Department of Agriculture raises export projection
Fiscal Year 2018 agricultural exports are projected at $140 billion, up $1 billion from the August forecast, the Agriculture Department’s Foreign Agricultural Service and the Economic Research Service said in a report issued the last week of November.
Agriculture Secretary Sonny Perdue sounded elated at the news.
“Much of this expected success can be attributed to robust sales to our East Asian and North American trading partners,” Perdue said.
“China is again shaping up to be our top market, led by continued strong soybean sales, while Canada and Mexico remain our second- and third-largest markets, respectively. We’re expecting exports to grow in the coming year to all of our top three markets.”
But in an analysis, the Food and Environment Reporting Network noted that there are nuances in the statistics.
USDA noted the increase in the forecast is “largely due to expected increases in corn and distiller’s dried grains with solubles,” a co-product of corn milling. “Soybean export volumes continue to set records, raising the soybean forecast (by) $200 million, to $24.1 billion, which offsets expected declines in soybean meal and oil.”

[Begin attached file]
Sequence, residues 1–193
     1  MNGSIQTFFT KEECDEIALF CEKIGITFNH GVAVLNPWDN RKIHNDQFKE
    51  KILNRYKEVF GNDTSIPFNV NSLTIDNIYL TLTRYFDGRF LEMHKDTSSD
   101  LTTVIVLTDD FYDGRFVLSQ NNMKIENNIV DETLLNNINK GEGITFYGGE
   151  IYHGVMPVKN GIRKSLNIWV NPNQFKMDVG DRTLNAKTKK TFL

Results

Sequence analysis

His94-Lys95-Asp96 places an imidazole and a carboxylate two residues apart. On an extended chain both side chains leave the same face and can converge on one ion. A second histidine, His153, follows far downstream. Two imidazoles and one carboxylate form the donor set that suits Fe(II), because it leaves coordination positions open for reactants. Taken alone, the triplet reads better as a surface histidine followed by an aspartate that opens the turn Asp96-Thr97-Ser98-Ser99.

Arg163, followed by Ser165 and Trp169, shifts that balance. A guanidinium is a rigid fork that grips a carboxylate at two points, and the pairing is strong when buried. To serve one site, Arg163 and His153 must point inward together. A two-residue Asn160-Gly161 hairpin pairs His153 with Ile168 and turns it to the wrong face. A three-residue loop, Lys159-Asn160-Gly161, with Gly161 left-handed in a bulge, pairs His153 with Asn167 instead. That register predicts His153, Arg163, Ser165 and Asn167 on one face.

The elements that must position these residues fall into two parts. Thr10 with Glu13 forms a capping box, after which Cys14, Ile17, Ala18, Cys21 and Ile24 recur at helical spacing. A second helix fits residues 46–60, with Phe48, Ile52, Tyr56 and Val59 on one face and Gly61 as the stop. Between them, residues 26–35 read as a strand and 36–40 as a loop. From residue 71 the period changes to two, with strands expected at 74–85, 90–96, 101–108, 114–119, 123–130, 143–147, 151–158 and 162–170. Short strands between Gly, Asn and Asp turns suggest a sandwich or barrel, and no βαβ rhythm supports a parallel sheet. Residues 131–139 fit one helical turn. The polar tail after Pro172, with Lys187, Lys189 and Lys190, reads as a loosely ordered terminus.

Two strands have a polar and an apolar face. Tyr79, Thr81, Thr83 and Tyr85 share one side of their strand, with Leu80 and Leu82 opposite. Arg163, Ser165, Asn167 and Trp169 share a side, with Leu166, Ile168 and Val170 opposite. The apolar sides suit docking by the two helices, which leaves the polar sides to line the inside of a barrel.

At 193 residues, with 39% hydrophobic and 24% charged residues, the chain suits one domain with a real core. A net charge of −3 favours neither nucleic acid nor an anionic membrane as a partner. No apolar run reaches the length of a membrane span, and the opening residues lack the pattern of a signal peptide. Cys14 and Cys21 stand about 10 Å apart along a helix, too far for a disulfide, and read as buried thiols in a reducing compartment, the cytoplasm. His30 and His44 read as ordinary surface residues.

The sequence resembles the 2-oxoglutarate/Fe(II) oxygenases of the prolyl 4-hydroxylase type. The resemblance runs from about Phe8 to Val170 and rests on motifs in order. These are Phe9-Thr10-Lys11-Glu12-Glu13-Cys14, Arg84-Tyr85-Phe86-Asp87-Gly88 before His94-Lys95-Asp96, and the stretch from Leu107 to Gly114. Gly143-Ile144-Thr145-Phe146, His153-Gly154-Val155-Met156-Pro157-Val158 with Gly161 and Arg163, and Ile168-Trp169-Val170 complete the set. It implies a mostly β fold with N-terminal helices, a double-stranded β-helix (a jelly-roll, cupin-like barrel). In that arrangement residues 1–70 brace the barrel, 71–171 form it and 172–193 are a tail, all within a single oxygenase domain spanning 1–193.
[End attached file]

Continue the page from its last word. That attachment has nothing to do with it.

Meanwhile, cotton exports, worth $5.85 billion in fiscal 2017, would drop by more than $1 billion in the current trade year due to lower prices.
U.S. agricultural imports in fiscal year 2018 are forecast at $117.0 billion, up $1.5 billion from the August forecast, due largely to expected increases in imports of animal products. The U.S. agricultural trade surplus is expected to decline by $500 million to $23 billion in fiscal 2018.
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